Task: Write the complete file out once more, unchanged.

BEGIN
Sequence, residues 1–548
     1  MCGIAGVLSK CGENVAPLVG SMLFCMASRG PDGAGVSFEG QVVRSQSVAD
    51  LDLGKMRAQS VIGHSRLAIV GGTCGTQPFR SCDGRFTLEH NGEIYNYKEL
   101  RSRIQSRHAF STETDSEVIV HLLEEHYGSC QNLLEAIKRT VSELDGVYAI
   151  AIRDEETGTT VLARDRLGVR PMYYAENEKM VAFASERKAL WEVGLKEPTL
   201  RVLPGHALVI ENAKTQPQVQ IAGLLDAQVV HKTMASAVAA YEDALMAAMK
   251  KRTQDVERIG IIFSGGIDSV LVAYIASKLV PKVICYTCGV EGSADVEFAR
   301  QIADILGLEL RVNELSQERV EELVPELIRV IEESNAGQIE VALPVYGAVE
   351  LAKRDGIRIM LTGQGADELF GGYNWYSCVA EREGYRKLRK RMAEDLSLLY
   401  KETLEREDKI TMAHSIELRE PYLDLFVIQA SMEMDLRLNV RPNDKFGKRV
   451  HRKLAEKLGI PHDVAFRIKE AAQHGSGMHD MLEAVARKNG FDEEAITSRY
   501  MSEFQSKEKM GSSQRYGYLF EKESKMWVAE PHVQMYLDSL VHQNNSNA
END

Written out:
Sequence, residues 1–548
     1  MCGIAGVLSK CGENVAPLVG SMLFCMASRG PDGAGVSFEG QVVRSQSVAD
    51  LDLGKMRAQS VIGHSRLAIV GGTCGTQPFR SCDGRFTLEH NGEIYNYKEL
   101  RSRIQSRHAF STETDSEVIV HLLEEHYGSC QNLLEAIKRT VSELDGVYAI
   151  AIRDEETGTT VLARDRLGVR PMYYAENEKM VAFASERKAL WEVGLKEPTL
   201  RVLPGHALVI ENAKTQPQVQ IAGLLDAQVV HKTMASAVAA YEDALMAAMK
   251  KRTQDVERIG IIFSGGIDSV LVAYIASKLV PKVICYTCGV EGSADVEFAR
   301  QIADILGLEL RVNELSQERV EELVPELIRV IEESNAGQIE VALPVYGAVE
   351  LAKRDGIRIM LTGQGADELF GGYNWYSCVA EREGYRKLRK RMAEDLSLLY
   401  KETLEREDKI TMAHSIELRE PYLDLFVIQA SMEMDLRLNV RPNDKFGKRV
   451  HRKLAEKLGI PHDVAFRIKE AAQHGSGMHD MLEAVARKNG FDEEAITSRY
   501  MSEFQSKEKM GSSQRYGYLF EKESKMWVAE PHVQMYLDSL VHQNNSNA